This summer has seen renewed fighting in Ethiopia, which is ongoing in the Amhara region. Stemming from a dispute over disarming regional militias into the Ethiopian National Defense Forces, the Amhara region is now witnessing fierce combat that could ignite the country’s second civil war within this decade.
Despite ongoing fighting since the summer, tensions have stemmed from the Tigray War and beyond to the late 70s. Ethiopia’s prior three ruling governments have failed to realize why the Amhara region feels the need to arm itself, and their lack of detail has put the country on a downward spiral of ethnic tensions across the ancient East African nation.
Ongoing Fighting in the Amhara Region
The conflict between the ENDF and the Amhara Special Forces, along with the Fano militia, escalated in early August following months of unsuccessful negotiations. Seeing a surrender of their weapons as submission to an ethnic Oromo majority government that has shown bias against the Amhara, the regional militias set up their own de jure administration.
Using adjacent methods of indiscriminate air power via TB2 Bayraktar drones, a devastating strike killed scores of people in Finote Salem on Aug. 14. Further airstrikes have been reported, and according to the United Nations, at least 183 people have been killed in the fighting. The number could be higher as Addis Ababa has restricted the media from carrying out a growingly inhumane campaign.
Historical Context of the Amhara Militias
The primary militia fighting Abiy Ahmed’s forces is the Fano militia. Stemming back to the 1930s, Fano, also known as ‘volunteer fighters,’ opposed Mussolini’s Italy during the 1935 invasion and occupation of Ethiopia until its liberation in 1941.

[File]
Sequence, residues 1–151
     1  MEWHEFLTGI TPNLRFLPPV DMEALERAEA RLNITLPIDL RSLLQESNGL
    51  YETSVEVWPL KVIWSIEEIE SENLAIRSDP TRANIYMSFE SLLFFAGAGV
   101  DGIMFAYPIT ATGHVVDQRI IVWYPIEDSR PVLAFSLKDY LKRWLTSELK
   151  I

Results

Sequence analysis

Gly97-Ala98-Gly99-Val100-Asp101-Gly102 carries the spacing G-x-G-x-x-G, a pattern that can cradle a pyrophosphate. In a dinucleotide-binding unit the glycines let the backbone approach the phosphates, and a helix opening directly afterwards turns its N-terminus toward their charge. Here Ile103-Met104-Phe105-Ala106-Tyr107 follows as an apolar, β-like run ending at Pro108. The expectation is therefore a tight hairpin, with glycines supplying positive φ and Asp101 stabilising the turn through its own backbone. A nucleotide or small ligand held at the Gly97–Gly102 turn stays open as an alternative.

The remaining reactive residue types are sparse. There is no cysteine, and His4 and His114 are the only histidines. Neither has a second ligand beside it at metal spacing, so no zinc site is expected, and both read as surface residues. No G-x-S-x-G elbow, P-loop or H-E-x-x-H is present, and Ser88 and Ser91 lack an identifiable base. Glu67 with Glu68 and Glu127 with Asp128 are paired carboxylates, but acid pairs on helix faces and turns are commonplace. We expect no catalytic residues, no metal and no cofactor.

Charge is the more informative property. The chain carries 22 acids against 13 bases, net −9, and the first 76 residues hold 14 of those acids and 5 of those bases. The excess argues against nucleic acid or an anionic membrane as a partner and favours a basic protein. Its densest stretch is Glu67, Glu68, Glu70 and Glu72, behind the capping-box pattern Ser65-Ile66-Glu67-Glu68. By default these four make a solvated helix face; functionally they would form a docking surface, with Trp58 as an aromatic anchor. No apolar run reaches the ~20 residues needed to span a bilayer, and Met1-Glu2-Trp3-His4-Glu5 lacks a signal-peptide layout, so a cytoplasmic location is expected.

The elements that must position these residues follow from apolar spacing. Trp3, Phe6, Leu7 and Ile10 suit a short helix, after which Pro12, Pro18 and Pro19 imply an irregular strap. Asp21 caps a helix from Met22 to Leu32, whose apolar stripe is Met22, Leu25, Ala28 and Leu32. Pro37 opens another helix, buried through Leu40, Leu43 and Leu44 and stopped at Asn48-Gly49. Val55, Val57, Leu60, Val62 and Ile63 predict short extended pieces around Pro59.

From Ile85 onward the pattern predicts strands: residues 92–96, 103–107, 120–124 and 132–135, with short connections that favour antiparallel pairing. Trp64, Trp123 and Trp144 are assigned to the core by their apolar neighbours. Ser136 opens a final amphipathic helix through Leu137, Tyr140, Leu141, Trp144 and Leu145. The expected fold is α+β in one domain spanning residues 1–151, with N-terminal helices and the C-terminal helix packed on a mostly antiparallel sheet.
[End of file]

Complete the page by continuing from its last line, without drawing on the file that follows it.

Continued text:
The Fano would become a symbolic means of resistance against occupiers and seeing the Tigray People’s Liberation Front and Abiy’s government as another oppressor, the militia would become vital to the perseverance of the Amhara people once again.
The Federal Government Fails to Clamp Down on Extremist Organizations
The Amhara people have prioritized their defense forces as the central government of Addis Ababa has continuously failed the country. Amhara militias initially supported the federal government’s war against the TPLF’s armed wing, the Tigray Defense Forces. The Amhara region saw a regional defense force that continuously clashed with them as a threat and, therefore, supported Abiy Ahmed’s military campaigns faster; a string of attacks against ENDF bases ignited the Tigray War.
During the Tigray War, the TDF captured thousands of ENDF soldiers and marched into the Amhara region. The ENDF withdrew to the capital and left the Amhara Special Forces and Fano to fight the more heavily armed and equipped TDF for several months.
It was not until the TDF threatened to advance into the capital that Ahmed drew a red line and mustered a massive counterattack that forced the Tigray militia back into their regional borders. By then, the Amhara region was devastated, with hundreds of thousands of dead—most being Amhara and Tigray militiamen.